Consider a space, free from gravity, etc. and there is a cylinder (radius $R$) rotating about its axis in this space with an angular velocity $\vec{\omega}$. I'm standing (rest wrt cylinder) inside on the floor (circular face), at a distance $r$ from the center, and an object is there inside the cylinder (distance $z$ from center) which does not move with respect to a stationary observer outside the cylinder.

Consider the acceleration of the object with respect to a frame fixed to the rotating cylinder (and rotating with it). The pseudoforce is $m\omega^2z + 2m\vec{\omega}\times\vec{v}$, $\vec{v}$ being its velocity with respect to the rotating frame. Note that this is independent of $r$.

Consider me. With respect to ground frame, I'll have an acceleration of $-\omega^2\vec{r}$, $\vec{r}$=my position vector. So with respect to me acceleration of object = $\omega^2\vec{r}$, dependent on $r$.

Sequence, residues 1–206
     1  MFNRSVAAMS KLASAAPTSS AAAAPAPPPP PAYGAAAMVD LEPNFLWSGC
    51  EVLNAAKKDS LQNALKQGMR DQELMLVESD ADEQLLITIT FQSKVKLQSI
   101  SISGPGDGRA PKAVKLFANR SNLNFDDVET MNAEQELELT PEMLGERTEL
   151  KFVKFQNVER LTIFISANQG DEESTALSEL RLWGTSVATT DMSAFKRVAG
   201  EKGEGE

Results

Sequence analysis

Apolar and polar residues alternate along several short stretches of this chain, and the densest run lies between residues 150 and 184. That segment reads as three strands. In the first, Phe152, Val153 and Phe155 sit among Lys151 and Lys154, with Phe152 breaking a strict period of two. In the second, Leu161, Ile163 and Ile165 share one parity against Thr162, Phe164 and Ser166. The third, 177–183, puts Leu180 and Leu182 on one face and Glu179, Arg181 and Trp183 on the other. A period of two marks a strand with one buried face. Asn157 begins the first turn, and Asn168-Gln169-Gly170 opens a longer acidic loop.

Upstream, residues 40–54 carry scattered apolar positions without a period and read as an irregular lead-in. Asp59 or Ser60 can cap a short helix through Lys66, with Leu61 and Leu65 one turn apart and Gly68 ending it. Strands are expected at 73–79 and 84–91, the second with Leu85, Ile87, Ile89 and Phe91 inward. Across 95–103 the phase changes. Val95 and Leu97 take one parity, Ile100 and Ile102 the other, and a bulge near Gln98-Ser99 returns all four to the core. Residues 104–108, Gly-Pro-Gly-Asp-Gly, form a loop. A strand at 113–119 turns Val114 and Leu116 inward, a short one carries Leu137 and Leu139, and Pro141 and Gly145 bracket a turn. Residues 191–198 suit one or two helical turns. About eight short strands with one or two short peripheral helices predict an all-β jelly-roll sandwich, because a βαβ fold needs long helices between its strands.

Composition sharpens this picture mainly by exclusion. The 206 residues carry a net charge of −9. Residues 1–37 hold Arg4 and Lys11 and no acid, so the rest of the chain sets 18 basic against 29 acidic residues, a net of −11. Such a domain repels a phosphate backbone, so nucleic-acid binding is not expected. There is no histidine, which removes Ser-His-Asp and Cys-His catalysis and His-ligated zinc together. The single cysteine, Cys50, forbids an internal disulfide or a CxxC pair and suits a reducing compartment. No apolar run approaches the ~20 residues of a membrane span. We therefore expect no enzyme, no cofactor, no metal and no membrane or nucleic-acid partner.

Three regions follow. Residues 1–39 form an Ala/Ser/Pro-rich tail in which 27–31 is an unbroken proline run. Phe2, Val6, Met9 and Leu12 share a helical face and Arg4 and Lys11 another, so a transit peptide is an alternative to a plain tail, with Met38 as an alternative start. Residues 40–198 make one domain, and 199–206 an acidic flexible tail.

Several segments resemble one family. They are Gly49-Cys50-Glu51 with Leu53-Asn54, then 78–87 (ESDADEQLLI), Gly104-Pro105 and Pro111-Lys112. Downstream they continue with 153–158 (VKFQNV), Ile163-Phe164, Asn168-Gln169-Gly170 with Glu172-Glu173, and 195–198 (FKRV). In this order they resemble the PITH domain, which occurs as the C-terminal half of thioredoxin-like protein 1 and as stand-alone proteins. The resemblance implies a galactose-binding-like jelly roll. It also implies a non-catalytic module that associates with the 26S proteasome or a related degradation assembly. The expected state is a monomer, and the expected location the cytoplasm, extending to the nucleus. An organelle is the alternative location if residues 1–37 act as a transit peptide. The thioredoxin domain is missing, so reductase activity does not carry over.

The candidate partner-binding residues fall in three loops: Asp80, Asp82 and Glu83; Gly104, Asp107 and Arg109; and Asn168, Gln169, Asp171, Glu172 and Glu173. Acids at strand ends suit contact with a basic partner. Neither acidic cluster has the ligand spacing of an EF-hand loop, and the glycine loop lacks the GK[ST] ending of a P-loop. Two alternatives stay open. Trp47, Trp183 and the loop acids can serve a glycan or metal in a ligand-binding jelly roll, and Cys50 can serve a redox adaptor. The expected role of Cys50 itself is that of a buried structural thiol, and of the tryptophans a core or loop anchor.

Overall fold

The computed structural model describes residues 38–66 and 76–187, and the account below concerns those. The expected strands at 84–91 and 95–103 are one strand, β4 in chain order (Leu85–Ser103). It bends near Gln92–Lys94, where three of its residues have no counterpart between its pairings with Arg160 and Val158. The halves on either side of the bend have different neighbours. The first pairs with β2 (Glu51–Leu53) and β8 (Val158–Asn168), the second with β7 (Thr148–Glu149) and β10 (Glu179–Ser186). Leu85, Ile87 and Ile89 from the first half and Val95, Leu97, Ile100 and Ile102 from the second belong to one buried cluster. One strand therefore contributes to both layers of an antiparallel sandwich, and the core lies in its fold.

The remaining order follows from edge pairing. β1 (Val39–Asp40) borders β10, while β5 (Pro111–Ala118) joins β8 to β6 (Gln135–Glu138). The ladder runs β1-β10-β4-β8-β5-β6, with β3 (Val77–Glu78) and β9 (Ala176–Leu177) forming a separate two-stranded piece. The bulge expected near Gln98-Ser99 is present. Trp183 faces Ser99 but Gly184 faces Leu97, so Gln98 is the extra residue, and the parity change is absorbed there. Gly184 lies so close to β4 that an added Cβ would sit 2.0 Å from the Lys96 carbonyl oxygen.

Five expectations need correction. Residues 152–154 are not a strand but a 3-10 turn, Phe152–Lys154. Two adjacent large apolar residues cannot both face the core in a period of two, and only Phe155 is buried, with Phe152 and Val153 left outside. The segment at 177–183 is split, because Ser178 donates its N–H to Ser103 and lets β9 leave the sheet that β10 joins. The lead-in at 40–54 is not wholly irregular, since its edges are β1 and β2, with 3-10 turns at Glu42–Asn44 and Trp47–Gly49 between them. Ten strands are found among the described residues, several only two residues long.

Now I'm fixed wrt rotating frame. So shouldn't these two accelerations be equal?

(I'm might be missing something totally obvious. Please correct me.)

  • $\begingroup$ The expression $m\,\omega^2 z + 2 m\,\vec \omega \times \vec v$ is a force, not an acceleration. Dividing by mass yields the acceleration; the result is $\omega^2 z + 2 \vec \omega \times \vec v$. Now substitute $z=r$, $\vec v = 0$ into $\omega^2 z + 2 \vec \omega \times \vec v$. What's the result? $\endgroup$ – David Hammen Dec 16 '16 at 8:32
  • $\begingroup$ Why should $z = r$? $z$ = distance of object. $r$ = my distance, so they are not necessarily equal. $\endgroup$ – Mriganka Basu Roy Chowdhury Dec 16 '16 at 16:10

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